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Rob Carrick

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A matter of trusts

Rob Carrick

TORONTO (GlobeinvestorGOLD)—Oil-and-gas royalty trusts are the black sheep of the income trust family.

An ideal trust is based on a steady, utterly reliable business producing a stream of cash flow that can be passed on to unitholders in the form of monthly or quarterly distributions.

Oil-and-gas royalty trusts don't fit the profile. Leveraged to oil and natural-gas prices, they can be unpredictable both in terms of paying steady distributions and the day-to-day performance of their unit prices. So why buy them? In a word, yield. Royalty trusts pay the fattest cash yields in the income-trust universe—as much as 13 to 18 per cent.

High return, high risk. As analyst Gordon Tait of BMO Nesbitt Burns Inc. in Calgary puts it, "There's a lot that can go wrong with royalty trusts." To help you avoid these pitfalls, let's look at some of the things you need check when choosing one:

  1. Asset quality: Ideally, a royalty trust should control a portfolio of oil and gas properties with abundant reserves and a low decline rate. Specifically, you'll want to take a look at the reserve life index, or RLI, which is calculated by dividing reserves by annual production volume. Mr. Tait said there are many royalty trusts with an RLI in the nine to 11 range, which is quite reasonable.
  2. A balance between oil and gas properties: Oil and gas prices tend to move in different patterns. By finding a trust that mixes the two, you'll have diversification that will offer a measure of protection if one or the other tanks. "If you were going to buy one trust, you'd want to make it one that was pretty balanced," Mr. Tait said. "But if you're buying a portfolio of trusts, you can buy a really gassy trust and mix it with a really oily one and get your gas-oil balance that way."
  3. Management: The test here is how effectively management has added reserves at a reasonable price. Check to see if the trust has been able to increase reserves and production without issuing a lot of dilutive equity.
  4. Payout structure: Roughly 80 to 85 per cent of cash flow will likely go to pay distributions, with the remainder being tabbed for capital expenditures so additional equity does not have to be issued. A higher payout ratio is not a good sign.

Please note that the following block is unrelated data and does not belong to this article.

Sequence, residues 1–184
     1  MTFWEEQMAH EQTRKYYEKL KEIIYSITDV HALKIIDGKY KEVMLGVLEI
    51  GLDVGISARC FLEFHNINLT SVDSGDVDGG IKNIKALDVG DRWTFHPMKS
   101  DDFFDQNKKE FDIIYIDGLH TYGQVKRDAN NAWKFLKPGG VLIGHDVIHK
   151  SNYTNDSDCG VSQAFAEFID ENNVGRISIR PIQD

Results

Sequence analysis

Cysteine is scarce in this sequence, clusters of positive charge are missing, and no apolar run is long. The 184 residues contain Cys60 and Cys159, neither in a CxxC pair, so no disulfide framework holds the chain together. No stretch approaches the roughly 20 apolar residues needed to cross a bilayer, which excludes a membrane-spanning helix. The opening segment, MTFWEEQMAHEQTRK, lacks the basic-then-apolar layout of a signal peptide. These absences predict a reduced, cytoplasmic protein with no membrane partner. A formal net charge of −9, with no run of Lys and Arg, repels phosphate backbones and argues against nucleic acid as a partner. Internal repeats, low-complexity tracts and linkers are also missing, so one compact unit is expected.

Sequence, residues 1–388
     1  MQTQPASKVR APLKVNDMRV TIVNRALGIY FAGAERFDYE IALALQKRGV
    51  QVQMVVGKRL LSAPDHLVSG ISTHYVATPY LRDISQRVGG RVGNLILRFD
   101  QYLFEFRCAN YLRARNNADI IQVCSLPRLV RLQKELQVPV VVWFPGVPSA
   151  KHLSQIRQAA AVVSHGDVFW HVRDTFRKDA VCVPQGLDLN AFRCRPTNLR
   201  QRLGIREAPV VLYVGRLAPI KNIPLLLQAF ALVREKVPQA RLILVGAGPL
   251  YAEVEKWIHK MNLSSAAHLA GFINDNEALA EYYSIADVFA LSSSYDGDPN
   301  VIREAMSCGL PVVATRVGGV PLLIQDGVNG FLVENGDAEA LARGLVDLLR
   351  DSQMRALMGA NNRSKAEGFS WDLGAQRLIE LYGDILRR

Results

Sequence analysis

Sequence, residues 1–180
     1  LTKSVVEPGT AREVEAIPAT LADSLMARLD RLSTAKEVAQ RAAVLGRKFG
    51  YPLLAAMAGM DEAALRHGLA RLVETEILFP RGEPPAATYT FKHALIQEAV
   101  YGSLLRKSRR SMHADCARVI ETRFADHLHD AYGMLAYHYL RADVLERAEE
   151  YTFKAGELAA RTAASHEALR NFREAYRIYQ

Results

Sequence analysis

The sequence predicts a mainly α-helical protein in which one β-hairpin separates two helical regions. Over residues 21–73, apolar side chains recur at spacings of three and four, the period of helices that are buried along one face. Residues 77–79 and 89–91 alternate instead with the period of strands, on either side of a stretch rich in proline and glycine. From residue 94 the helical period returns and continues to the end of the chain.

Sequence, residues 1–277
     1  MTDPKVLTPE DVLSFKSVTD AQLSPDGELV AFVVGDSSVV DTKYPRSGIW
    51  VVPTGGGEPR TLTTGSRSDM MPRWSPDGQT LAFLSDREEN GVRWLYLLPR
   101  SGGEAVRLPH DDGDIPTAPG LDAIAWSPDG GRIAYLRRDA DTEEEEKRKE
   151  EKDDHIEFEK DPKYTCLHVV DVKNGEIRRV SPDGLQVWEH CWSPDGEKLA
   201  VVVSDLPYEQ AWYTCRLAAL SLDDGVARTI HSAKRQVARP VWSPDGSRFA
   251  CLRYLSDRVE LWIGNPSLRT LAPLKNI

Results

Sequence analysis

Not like the other trusts

Royalty trusts aren't just riskier than other income trusts, they also behave differently. Take their reaction to interest rates, for example. Back in 1999, a move up in rates put a damper on the trust sector as a whole, but rising oil prices helped royalty trusts do comparatively better. "Royalty trusts are an oil-and-gas play," Mr. Tait said. "Interest rates would have a minor influence."

The vagaries of oil prices make it a challenge for royalty trusts to maintain steady distributions to unitholders. To help offset this, royalty trusts commonly use hedging. Expect roughly 25 to 50 per cent of oil or gas production to be hedged using such instruments as fixed-price contracts. As well, it's well worth checking to see how a trust has managed its distribution flow over the years. You should be able to get this information on a royalty trust's Web site.

There has been a fair amount of talk in recent months about whether the three-year run-up in the income-trust sector has created a bubble. Generally speaking, it hasn't. In fact, the royalty-trust niche was actually a lukewarm performer in 2002. Through Dec. 9, the royalty-trust portion of the Scotia Capital Income Fund Index rose 1.9 per cent in unit-price terms and 15 per cent in total return (distributions plus unit price increase).

Are royalty trusts a buy? If you're looking for a high-yielding security and don't mind the volatility and risk, then they might well be.

Rob Carrick has been writing about personal finance, business and economics for more than 12 years.

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